| Read Time: 2 minutes | Medical Malpractice
sue for overdose on anesthesia

If you undergo surgery or another medical procedure, you may receive anesthesia during the operation that minimizes the pain you feel.

Hospitals hire anesthesiologists to ensure anesthesia is administered properly and in the correct dosage. Still, mistakes can happen.

Clients who come to our office fearing an overdose of anesthesia typically want to know:

  • What are the side effects of too much anesthesia? 
  • Can someone suffer from an anesthesia overdose death? 
  • How can symptoms of anesthesia overdose affect me in the long run?

Our medical malpractice attorneys at Poulos & Coates can help you understand the dangers of too much anesthesia.

The side effects of excessive anesthesia are serious and lasting. And we can guide you through the process of filing your lawsuit to recover what you have lost.

Contact our office today to schedule an appointment with a medical malpractice lawyer.

Receiving Too Much Anesthesia – Side Effects

Anesthesia numbs a patient’s senses during a medical procedure and puts them in a sleep-like state.

The patient typically uses a breathing tube or mask to inhale the anesthesia or receives an injection through an IV.

The anesthesiologist will ask you a variety of questions and evaluate your medical history to determine how much anesthesia they should administer.

In some cases, the anesthesiologist may accidentally give you too much anesthesia, or your body may react to the anesthesia unexpectedly.

If you suffer an injury after receiving anesthesia, you should contact an attorney right away.

General Anesthesia

General anesthesia causes the patient to lose consciousness and typically has the most side effects, which include:

  • Nausea or vomiting,
  • Sore throat,
  • Postoperative delirium,
  • Itching,
  • Chills, or
  • Muscle aches.

In some cases, general anesthesia can result in more serious side effects. Some patients develop confusion and memory issues that last longer than a few days, affecting long-term memory and causing learning issues.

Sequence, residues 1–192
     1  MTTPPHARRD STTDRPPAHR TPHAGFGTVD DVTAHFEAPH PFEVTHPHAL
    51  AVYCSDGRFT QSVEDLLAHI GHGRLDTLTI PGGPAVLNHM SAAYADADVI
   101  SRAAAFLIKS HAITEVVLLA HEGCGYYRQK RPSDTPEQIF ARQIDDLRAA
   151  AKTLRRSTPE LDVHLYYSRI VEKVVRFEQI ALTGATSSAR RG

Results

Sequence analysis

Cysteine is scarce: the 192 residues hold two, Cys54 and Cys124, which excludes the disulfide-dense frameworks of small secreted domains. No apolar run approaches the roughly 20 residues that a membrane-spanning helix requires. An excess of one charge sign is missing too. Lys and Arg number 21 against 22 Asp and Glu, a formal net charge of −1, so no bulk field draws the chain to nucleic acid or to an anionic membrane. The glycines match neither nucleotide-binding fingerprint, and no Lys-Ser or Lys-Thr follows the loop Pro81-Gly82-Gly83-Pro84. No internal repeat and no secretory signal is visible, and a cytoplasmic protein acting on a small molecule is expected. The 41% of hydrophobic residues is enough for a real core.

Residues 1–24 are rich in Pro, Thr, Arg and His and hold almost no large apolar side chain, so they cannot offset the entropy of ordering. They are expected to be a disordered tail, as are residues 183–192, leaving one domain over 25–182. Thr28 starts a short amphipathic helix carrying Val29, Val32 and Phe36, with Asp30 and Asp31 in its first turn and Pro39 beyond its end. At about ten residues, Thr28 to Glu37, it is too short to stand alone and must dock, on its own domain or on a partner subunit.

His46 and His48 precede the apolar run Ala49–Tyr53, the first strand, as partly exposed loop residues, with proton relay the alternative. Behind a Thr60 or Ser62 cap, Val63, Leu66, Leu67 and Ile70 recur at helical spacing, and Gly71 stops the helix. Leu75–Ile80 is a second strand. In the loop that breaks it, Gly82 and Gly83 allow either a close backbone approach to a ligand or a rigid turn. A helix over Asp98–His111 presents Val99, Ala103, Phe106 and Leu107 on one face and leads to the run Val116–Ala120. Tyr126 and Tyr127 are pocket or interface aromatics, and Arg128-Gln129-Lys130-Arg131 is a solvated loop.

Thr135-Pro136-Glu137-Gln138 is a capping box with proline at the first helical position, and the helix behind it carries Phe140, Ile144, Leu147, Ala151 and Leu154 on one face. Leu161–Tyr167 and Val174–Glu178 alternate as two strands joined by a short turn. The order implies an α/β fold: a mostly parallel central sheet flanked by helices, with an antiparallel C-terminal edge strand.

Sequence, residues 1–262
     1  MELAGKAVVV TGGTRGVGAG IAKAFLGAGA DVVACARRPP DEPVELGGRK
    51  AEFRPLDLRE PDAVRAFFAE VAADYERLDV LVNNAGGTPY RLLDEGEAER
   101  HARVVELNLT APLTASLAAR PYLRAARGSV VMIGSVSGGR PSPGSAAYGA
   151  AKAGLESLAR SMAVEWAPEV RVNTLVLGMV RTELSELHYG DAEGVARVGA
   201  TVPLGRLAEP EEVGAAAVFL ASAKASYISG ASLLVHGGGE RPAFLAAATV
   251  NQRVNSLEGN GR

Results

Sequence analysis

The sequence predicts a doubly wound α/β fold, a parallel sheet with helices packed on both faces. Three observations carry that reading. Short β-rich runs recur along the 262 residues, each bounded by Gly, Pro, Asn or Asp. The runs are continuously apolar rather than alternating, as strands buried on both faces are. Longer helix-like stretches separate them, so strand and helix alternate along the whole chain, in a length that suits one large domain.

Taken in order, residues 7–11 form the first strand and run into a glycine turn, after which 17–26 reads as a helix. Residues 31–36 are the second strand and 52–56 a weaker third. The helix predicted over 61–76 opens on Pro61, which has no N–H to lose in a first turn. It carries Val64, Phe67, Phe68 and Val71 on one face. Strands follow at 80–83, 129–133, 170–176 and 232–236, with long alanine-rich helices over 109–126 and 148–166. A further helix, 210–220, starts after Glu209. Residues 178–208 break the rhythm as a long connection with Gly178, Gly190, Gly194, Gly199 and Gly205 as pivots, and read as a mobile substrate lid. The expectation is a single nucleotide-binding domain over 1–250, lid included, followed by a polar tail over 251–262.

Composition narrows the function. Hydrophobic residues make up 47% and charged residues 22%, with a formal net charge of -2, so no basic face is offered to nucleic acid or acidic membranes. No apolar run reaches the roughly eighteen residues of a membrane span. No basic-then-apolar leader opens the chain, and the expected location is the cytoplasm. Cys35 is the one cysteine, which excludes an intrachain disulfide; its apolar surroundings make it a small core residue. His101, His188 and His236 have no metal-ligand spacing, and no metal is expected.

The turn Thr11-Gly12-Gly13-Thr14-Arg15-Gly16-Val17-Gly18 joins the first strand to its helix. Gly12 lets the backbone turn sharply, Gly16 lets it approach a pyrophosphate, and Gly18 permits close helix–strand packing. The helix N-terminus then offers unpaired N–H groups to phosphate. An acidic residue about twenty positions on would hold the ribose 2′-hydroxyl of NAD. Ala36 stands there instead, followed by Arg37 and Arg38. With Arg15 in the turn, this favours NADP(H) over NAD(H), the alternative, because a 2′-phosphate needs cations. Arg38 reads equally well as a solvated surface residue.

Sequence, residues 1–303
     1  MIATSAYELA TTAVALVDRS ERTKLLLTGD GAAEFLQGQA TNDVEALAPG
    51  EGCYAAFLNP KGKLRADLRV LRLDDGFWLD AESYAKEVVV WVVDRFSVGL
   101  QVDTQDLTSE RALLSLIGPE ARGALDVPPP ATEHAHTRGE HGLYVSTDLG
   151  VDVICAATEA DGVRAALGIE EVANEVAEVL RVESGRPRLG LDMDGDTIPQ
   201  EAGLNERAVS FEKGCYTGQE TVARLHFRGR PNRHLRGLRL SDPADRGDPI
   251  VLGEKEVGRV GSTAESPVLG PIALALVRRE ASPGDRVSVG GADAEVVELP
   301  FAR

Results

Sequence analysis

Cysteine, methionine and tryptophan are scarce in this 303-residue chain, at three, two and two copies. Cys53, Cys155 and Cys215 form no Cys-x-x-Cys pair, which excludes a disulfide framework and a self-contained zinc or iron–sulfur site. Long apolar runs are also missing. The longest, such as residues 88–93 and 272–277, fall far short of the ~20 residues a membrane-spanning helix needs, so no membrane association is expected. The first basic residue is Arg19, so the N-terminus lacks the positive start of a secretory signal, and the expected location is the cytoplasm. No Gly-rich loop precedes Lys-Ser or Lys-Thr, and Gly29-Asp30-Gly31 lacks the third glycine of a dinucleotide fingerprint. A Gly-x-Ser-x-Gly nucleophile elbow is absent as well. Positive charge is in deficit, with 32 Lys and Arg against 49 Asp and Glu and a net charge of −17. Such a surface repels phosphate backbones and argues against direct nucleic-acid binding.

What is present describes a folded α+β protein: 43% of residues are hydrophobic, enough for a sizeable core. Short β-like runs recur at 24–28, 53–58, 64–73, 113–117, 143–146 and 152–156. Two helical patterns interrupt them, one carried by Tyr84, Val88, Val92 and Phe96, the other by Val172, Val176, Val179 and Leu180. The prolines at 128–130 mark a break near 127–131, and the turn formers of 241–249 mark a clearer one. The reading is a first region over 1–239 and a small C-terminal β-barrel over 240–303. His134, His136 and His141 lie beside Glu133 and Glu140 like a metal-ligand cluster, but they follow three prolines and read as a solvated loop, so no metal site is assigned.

In rare cases, anesthesia can cause a patient to suffer malignant hypothermia. This occurs when a fever and muscle contractions suddenly occur during surgery. 

Monitored Anesthesia 

Monitored anesthesia, also referred to as IV sedation, occurs when a patient receives medication that makes them sleepy and keeps them from feeling pain but does not render them totally unconscious.

Side effects of sedation can include headaches, nausea, or drowsiness.

Serious side effects of monitored anesthesia may include a pneumothorax, which occurs when anesthesia is being injected near the lungs, and the needle accidentally pierces the lung.

This may result in the lung collapsing and requiring a chest tube to re-inflate it.

You can read our detailed article on further examples of anesthesia malpractice.

Contact a Medical Malpractice Attorney at Poulos & Coates Today to Discuss the Side Effects of Too Much Anesthesia

Coming out of a serious medical procedure can be a stressful experience. This is especially true if you were administered too much anesthesia.

Our team focuses specifically on medical malpractice claims. We are committed to recovering compensation for our clients and their families.

With a medical doctor and nurse on our staff, we are confident in our ability to effectively represent injured victims and secure favorable results for our clients.

Contact a malpractice lawyer at Polous & Coates today so we can start reviewing your case.

Author Photo

Victor Poulos

Vic Poulos & Greig Coates became law partners in April of 2002, when the two medical malpractice litigators merged their offices, combining what is now over seventy years of litigation experience, to form Poulos & Coates, LLP. Licensed to practice before all State Courts of Texas, New Mexico, Iowa, and Kansas. Licensed to practice before the United States District Courts of Kansas, Iowa, New Mexico, and Texas (Western, Eastern, Southern, and Northern Districts of Texas), as well as the United States Court of Appeals for the Fifth Circuit and the U.X. Ax Court.

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